But an NFL spokesman said the league did not try to stop Eminem from kneeling.
“We watched all elements of the show during multiple rehearsals this week and were aware that Eminem was going to do that,” league spokesman Brian McCarthy said.
Set paid homage to L.A.
The set featured architectural reproductions of Tam’s Burgers, Randy’s Donuts and the Compton courthouse, as well as a map of Compton on the stadium floor.
“THIS HALFTIME SHOW REALLY IS FOR ALL THE PEOPLE BORN AND RAISED IN LA,” wrote one Twitter user.
Many on social media also celebrated the show’s references to Black history in Los Angeles.
“This is the blackest NFL halftime show. happy black history month!” wrote one Twitter user.
The performance thrilled millennial and Gen X hip-hop fans.
The show especially spoke to millennial hip-hop fans, who were thrilled by the legendary rappers.
Some joked that loving the show meant they were aging.
“if you loved the halftime show as much as i did don’t forget your anti-aging moisturizer tonight,” one Twitter user wrote.
“The Super Bowl giving the people what they want: a medley of the songs they listened to in middle school,” journalist Kevin Fallon tweeted.
IOScholarships is the first of its kind scholarship and financial education platform for minority and underrepresented STEM students. The technology has been designed with a streamlined user-friendly interface that offers great functionality to help high school, undergraduate and graduate students find scholarships and internship opportunities. IOScholarships proprietary matching algorithm can match students with life-changing scholarships where their diverse background is valued.
“Now is the time for students to apply for college scholarships,” said María Fernanda Trochimezuk, Founder of IOScholarships. “While there are many scholarships that have qualifications like a minimum 3.5 GPA, there are just as many that have lower GPA requirements or don’t even take GPA into consideration at all.”
GPA is an important factor for getting scholarships but is not the only thing that’s important. Schools are looking for dedicated students, who contribute to their community or are involved in STEM organizations or activities. They want to see leadership and perseverance, and while these can sort of be reflected in a GPA, they mostly shine through in extracurriculars.
The majority of the scholarships featured on IOScholarships come directly from corporations and organizations, rather than solely from competitive university pools – thereby maximizing the number of opportunities students have to earn funding for their education. There’s plenty of money that goes unused every year, students just have to search for it.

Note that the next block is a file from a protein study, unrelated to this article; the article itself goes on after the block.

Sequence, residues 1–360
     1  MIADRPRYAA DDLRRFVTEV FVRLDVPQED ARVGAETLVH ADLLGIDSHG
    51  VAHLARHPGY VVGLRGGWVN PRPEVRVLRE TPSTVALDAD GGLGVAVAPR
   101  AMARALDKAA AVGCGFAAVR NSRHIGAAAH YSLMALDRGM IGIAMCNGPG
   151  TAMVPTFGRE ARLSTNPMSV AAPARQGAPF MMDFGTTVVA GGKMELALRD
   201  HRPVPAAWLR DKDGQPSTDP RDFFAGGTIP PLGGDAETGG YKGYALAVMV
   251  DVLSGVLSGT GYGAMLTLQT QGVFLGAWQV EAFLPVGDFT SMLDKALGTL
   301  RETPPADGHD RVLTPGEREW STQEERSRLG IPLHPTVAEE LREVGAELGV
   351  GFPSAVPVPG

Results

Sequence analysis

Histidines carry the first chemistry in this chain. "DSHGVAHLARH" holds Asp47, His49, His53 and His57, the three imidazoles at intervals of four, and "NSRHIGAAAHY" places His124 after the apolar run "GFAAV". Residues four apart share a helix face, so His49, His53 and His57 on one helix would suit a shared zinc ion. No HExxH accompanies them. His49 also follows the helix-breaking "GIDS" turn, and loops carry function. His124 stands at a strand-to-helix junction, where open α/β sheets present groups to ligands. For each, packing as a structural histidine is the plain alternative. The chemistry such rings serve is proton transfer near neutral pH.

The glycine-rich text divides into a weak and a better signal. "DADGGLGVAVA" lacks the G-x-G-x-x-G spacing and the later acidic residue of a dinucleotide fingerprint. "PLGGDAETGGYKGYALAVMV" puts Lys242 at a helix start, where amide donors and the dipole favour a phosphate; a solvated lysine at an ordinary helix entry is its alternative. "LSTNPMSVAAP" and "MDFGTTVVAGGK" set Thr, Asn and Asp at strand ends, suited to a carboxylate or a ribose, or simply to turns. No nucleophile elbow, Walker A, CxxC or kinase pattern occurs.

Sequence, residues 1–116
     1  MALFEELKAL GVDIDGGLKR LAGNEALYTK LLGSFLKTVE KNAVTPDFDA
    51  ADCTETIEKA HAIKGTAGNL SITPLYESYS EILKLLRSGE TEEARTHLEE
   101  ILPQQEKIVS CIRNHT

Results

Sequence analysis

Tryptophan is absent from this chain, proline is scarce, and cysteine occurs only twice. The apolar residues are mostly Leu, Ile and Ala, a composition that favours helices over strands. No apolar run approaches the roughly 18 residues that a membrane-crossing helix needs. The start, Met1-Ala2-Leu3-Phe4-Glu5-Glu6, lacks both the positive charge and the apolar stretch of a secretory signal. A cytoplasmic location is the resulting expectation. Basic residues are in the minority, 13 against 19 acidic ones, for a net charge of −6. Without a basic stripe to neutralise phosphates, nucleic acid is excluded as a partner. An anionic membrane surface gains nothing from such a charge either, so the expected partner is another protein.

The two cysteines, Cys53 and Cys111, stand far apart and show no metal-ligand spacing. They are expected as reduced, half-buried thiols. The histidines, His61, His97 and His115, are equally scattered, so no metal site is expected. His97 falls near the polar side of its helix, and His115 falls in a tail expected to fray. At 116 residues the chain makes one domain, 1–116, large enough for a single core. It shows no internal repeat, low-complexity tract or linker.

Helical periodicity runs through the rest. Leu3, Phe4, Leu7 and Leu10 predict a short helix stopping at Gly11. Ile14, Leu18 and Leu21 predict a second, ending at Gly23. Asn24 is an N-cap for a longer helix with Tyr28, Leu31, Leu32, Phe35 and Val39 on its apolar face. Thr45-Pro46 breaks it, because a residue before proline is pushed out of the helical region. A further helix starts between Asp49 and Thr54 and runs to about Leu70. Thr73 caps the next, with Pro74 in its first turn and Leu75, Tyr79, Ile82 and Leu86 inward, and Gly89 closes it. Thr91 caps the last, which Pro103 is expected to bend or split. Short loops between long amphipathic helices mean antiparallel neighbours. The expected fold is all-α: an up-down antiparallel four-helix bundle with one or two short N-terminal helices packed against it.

Each month IO Scholarships adds hundreds of new curated scholarships to its database and posts “The Scholarship of the Week” on its Instagram social media accounts(@IOScholarships), making it easy to find new scholarship opportunities.
In addition to providing scholarships, the IOScholarships platform features a scholarship organizer, news articles designed to provide guidance on how to apply for scholarships, and money saving tips. The platform also offers a Career Aptitude Quiz designed to help students identify the degrees and professions that best fit their skills.
One of the best ways to get inspired is to examine the stories of courage and strength of others. As part of Together, We Rise, a 31-day package highlighting amazing Black people, experiences, allies, and communities that shape America and make it what it is today, we’ve compiled a list of Black women who have made historic impacts in our nation and the world as a whole.
The history-making Black women included in this group defied odds, broke boundaries, and left special marks of excellence in their communities, paving the way for other Black women to do the same.
Elizabeth Freeman (unknown-1829)
Freeman, also known as Mum Bett, was a nurse and midwife who successfully sued Massachusetts for her freedom in 1781, becoming the first African-American enslaved woman to win a freedom suit in the state. Her suit helped lead to the permanent abolition of slavery in Massachusetts altogether.
Ona Judge (1773-1848)
Ona Judge, known by the Washingtons as Oney, was a mixed woman born into an enslaved family on Mt. Vernon and brought to Philadelphia to serve at the President’s House. On May 21, 1796, a 22-year-old Ona successfully escaped her enslavement to President George Washington while he and Mrs. Washington ate dinner. She fled to New Hampshire.
Harriet Tubman (unknown-1913)
American abolitionist Harriet Tubman is most known for her efforts to move slaves to liberation in the Underground Railroad, a network of antislavery activists. Her legacy is indelible in the movement to abolish slavery, as she is documented to have made approximately 13 trips through the Underground Railroad to lead dozens of slaves to freedom — and never got caught, despite a $40,000 reward for her capture.
Ida B. Wells (1862-1931)
Ida B. Wells was a prominent Black investigative journalist, educator and activist in the early civil rights movement. She was one of the founders of the NAACP (National Assocation for the Advancement of Colored People), and led a powerful anti-lynching crusade in the U.S. in the 1890s.